Finally, can I just say, I have always been a huge fan of science and I pride myself in having a very sound education in it. Therefore, I find suggestions that I am in any way anti-science or a Flat-Earther risible. I just like to think that I now have a more mature, nuanced and sophisticated attitude when it comes to evaluating scientific proclamations. Not necessarily more mature than others, but more mature than I used to have.

    Liked by 1 person

  10. So very sorry to hear your dog has passed away John. RIP sweetheart. Having gone through that horrendous experience so many times myself, I’ve got a good idea how you might be feeling. I’ve got way too many canine-shaped holes in my soul and they never seem to repair. Not good.

    Liked by 1 person

  11. Jaime, Alex, Richard,

    Thanks for that. This is actually my fifth time, and it isn’t getting any easier. The process is a profoundly disturbing experience, and the ensuing sense of loss is quite numbing. Still, one has to remember the good times.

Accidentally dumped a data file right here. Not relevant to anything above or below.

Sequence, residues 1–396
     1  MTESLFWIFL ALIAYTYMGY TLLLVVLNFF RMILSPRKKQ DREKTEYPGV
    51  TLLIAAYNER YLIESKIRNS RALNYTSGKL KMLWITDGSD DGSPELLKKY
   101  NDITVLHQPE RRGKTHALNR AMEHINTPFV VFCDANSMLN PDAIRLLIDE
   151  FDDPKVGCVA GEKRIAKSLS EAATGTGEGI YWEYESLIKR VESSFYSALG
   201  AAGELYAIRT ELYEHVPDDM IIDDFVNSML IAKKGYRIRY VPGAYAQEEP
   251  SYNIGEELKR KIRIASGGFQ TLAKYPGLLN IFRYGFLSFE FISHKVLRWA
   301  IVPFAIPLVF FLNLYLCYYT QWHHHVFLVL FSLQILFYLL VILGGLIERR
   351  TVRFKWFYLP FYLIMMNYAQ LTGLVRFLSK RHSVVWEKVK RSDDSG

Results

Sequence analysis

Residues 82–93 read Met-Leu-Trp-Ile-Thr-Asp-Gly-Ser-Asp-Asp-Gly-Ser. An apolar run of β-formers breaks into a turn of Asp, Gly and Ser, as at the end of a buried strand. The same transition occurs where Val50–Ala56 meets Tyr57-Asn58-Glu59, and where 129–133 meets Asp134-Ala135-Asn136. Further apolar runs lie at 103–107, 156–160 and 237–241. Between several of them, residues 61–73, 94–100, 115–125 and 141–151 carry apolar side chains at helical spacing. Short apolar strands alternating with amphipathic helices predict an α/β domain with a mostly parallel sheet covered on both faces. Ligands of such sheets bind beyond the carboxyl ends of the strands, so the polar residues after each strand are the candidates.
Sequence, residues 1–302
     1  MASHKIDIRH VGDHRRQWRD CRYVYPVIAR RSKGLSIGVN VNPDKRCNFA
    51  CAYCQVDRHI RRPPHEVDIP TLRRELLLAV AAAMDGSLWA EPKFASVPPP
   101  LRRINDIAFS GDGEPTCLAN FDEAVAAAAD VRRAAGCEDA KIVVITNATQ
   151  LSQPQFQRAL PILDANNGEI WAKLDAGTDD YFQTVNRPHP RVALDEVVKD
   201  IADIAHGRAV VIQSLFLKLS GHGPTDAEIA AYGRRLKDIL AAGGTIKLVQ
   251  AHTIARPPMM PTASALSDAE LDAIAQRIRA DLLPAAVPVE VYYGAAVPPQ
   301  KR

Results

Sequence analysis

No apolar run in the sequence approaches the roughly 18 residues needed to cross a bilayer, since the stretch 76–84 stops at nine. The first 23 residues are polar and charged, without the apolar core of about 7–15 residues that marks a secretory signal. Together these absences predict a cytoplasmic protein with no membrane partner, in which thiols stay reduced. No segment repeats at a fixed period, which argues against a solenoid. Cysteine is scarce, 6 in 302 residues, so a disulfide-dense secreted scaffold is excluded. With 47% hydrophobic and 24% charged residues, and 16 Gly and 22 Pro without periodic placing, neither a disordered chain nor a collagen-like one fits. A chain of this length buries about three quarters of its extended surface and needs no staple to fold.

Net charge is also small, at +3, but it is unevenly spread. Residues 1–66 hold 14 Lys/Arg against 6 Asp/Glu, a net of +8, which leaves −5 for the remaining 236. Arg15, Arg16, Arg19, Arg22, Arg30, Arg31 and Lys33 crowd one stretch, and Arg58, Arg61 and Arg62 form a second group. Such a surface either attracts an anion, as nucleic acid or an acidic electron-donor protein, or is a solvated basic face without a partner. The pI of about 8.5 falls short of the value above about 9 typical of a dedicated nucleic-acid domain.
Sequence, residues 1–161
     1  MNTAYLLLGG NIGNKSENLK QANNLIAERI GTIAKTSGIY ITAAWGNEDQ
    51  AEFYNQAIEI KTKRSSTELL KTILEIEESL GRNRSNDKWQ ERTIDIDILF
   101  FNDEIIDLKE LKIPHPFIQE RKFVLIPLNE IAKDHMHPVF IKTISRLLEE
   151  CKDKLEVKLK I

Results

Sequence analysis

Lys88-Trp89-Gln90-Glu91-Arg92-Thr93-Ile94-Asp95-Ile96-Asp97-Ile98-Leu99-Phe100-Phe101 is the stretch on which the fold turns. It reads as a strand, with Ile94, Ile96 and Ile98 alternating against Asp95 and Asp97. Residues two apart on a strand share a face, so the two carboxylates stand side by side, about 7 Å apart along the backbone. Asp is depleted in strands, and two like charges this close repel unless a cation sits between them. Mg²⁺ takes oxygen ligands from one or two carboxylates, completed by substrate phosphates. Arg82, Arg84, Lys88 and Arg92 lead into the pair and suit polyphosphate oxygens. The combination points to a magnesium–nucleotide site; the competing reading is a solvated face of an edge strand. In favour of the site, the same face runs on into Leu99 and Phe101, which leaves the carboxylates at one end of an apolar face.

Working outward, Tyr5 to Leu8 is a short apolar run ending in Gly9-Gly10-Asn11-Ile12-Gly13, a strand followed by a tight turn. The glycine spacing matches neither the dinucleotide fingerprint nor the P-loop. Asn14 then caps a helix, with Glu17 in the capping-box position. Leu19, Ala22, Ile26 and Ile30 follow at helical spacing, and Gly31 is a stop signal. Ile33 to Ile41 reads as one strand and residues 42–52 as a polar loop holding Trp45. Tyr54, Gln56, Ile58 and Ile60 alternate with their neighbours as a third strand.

Liked by 2 people

  12. @John – 5th time!!

    you must have had many happy years with all your dogs, and with the last as you say remember the good times.

    I know this is trite, but, reading your post & later comment, I find myself thinking of – Desiderata

    take care

    Liked by 1 person

  13. My moment of revelation came when I saw ‘The Great Global Warming Swindle’ back in 2007. Until then I had been too busy working to even think about “global warming”. Seeing Piers Corbyn on the programme and knowing from first hand experience what a brilliant physicist he is, I thought there must be something in this and so I started investigating. The rest is history for this climate change sceptic.


  14. Sorry, John, that you lost man’s best friend. I lost my Border Collie last Xmas and am still sad, 16 years with Lockie, so many joyful walks along the sea shore, he understood sentences, was benign and like very young children, was free of guile.


  15. John. My recommendation to anyone who has lost a beloved pet is (if feasible) to get another as quickly as possible. As Jaime has intimated the new one never can replace that whom you have lost but soon new memories are made and new bonds forged and your loss made more tolerable. I still feel the loss of dogs I lost decades ago.